Is Nilsen a more reliable narrator of his own story than anyone else? Perhaps not, though he arguably has less to lose by telling the truth – at least his version of the truth. His time as a police officer seems the most interesting point of his pre-murder life. If we are to believe those who have written about Nilsen, and the police officers who they interviewed, then he was an abject failure in the job – he quit because he couldn’t hack it. Nilsen states that he left because of the homophobia, racism and corruption endemic in the force, Who is more credible here? I suspect it is the gay man who watched prisoners beaten up in cells, bribes accepted and minorities abused, but who can say? The fact that Nilsen is a serial killer does not automatically make his thoughts and observations on other aspects of life untrue. His anger at the tabloids making up stories about him might be something we could scoff at – how dare a serial killer be upset that newspapers are slandering him? But of course, Nilsen’s experiences with the British press are a symptom of a wider problem, the cynical invention of stories to titillate readers for profit, with little regard for the people at the sharp end of such behaviour. I suspect that Nilsen would have felt a sense of vindication at seeing the News of the World brought down for phone hacking and outright lying.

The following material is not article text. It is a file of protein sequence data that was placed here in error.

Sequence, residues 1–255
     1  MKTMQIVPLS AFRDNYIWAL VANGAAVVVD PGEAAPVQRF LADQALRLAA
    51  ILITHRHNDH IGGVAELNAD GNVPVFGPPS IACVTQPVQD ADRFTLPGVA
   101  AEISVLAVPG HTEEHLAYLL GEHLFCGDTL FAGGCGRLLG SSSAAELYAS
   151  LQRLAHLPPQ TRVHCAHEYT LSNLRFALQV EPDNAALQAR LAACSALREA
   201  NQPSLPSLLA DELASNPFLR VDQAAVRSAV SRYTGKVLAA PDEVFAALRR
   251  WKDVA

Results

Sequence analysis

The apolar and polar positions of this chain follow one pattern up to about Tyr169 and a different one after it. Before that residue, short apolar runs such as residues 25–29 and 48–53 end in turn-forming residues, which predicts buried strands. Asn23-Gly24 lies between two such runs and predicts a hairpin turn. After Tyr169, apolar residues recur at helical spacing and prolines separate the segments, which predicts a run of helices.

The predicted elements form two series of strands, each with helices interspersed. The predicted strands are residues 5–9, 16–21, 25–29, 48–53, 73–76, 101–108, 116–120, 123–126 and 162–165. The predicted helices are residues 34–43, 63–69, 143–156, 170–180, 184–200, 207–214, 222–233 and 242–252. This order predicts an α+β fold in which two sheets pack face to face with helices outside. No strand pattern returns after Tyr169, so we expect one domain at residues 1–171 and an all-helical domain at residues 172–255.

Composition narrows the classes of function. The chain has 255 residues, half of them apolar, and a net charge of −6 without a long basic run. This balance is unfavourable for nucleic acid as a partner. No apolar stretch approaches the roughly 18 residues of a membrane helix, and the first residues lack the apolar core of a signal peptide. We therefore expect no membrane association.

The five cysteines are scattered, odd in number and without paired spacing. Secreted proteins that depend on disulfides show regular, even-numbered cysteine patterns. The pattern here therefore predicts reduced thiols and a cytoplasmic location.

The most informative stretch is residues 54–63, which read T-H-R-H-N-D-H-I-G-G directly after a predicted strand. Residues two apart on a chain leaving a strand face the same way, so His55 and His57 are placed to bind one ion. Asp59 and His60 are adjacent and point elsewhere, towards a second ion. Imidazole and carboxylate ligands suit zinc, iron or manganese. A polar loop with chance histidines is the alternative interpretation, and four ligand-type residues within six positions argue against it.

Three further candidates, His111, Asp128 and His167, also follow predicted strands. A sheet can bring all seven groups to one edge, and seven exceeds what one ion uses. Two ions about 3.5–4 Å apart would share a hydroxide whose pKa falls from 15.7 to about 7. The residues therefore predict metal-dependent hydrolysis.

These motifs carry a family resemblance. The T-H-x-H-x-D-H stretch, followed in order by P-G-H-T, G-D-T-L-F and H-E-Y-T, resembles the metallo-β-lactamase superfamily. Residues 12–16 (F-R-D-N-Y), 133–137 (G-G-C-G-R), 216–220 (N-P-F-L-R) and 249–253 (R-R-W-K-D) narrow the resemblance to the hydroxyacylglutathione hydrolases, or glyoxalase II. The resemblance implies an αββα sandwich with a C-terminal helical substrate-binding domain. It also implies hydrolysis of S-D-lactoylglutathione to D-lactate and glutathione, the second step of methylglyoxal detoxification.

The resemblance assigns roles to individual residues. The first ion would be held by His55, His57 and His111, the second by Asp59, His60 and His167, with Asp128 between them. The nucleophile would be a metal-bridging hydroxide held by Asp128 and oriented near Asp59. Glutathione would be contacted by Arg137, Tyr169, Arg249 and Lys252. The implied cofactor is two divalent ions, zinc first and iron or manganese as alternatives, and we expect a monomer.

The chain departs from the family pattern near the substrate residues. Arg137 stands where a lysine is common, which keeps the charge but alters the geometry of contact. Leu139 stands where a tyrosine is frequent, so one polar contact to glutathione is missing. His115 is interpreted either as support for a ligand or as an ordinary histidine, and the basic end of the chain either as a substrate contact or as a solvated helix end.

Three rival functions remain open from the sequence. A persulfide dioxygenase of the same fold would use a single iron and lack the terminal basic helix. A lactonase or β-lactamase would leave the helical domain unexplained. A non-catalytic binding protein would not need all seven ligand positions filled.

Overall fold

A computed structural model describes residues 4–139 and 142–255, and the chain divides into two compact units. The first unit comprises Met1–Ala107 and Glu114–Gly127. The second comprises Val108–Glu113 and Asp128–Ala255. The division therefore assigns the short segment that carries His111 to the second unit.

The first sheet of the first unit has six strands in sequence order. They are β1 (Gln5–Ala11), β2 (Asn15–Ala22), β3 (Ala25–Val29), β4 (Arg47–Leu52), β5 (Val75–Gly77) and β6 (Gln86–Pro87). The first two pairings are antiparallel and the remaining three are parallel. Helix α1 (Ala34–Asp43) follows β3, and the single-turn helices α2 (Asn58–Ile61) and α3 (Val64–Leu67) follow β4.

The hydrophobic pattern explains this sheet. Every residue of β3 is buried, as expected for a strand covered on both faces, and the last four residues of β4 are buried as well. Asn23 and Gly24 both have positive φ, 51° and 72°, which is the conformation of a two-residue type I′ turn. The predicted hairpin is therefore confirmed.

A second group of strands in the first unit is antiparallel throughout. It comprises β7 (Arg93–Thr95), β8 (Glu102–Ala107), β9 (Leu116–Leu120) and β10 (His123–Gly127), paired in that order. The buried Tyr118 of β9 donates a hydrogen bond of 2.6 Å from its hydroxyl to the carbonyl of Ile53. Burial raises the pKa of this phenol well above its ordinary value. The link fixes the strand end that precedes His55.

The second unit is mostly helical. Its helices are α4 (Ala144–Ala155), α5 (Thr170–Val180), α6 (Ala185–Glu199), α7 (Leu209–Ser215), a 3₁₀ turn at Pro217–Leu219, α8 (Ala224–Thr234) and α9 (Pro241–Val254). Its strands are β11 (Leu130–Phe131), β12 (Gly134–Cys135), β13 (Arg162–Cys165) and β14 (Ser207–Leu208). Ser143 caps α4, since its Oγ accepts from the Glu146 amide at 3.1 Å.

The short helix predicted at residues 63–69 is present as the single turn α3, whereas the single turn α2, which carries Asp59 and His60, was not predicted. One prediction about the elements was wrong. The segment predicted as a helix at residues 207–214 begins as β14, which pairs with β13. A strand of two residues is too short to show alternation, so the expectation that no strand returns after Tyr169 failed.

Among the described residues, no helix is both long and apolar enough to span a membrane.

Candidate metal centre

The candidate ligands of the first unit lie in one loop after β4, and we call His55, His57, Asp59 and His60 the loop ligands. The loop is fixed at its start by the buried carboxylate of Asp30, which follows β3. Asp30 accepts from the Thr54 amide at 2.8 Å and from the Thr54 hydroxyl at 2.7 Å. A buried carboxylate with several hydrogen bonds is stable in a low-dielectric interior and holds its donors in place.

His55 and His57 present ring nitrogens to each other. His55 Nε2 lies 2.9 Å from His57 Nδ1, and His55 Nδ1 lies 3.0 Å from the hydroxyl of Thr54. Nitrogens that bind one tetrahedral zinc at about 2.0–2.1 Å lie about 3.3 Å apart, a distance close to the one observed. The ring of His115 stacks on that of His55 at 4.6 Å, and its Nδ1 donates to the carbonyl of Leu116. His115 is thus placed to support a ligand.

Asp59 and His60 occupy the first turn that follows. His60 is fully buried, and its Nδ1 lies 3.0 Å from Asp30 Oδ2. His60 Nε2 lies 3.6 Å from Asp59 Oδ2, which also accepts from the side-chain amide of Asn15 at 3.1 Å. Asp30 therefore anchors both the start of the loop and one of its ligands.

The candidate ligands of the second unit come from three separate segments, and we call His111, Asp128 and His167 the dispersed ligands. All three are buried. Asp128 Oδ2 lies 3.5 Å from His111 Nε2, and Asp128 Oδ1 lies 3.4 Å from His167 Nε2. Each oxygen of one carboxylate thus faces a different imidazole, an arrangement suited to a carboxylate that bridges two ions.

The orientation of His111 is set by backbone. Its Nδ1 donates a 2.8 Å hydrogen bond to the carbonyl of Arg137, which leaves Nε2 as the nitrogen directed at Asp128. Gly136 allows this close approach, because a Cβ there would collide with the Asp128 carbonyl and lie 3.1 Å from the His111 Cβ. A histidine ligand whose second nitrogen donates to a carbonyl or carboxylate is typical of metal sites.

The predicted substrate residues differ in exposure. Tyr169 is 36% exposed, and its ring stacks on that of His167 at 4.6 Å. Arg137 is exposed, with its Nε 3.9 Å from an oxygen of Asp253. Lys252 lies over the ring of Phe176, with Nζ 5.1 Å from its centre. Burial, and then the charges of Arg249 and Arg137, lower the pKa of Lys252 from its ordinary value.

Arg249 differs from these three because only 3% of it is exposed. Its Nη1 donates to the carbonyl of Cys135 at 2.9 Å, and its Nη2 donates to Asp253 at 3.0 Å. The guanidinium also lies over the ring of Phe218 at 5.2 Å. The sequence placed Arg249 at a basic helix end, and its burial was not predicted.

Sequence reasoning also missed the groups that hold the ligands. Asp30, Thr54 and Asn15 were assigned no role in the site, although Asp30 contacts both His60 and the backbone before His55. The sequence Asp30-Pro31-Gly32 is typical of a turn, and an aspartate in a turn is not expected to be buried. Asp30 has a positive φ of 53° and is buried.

Similarly, his commentary on the British prison system – the thuggish screws, the violent felons, the arbitrary punishments and petty brutality – rings rather too true. From a less notorious inmate, the descriptions of prison life might be hailed as a much-overdue expose of a system long in need of change. But I fear most readers will still be too aghast at Nilsen’s crimes – and his all-too-vivid memories of them – to feel much sympathy for him, and so by default will ignore the fact that the institutional problems that he discusses will also affect every other prisoner, including those who have not been convicted of any violent crime. His autobiography is a study in narcissism and anger, but it’s also an unexpectedly well-written and unsettlingly informative look at the prison system. That it is scattered with unsettling moments of reminiscence – and for every moment that he accepts the horror of what he’s done, there is another that feels like wistful nostalgia for the bodies of his victims – is ultimately neither here nor there.

From the photo section of History of a Drowning Boy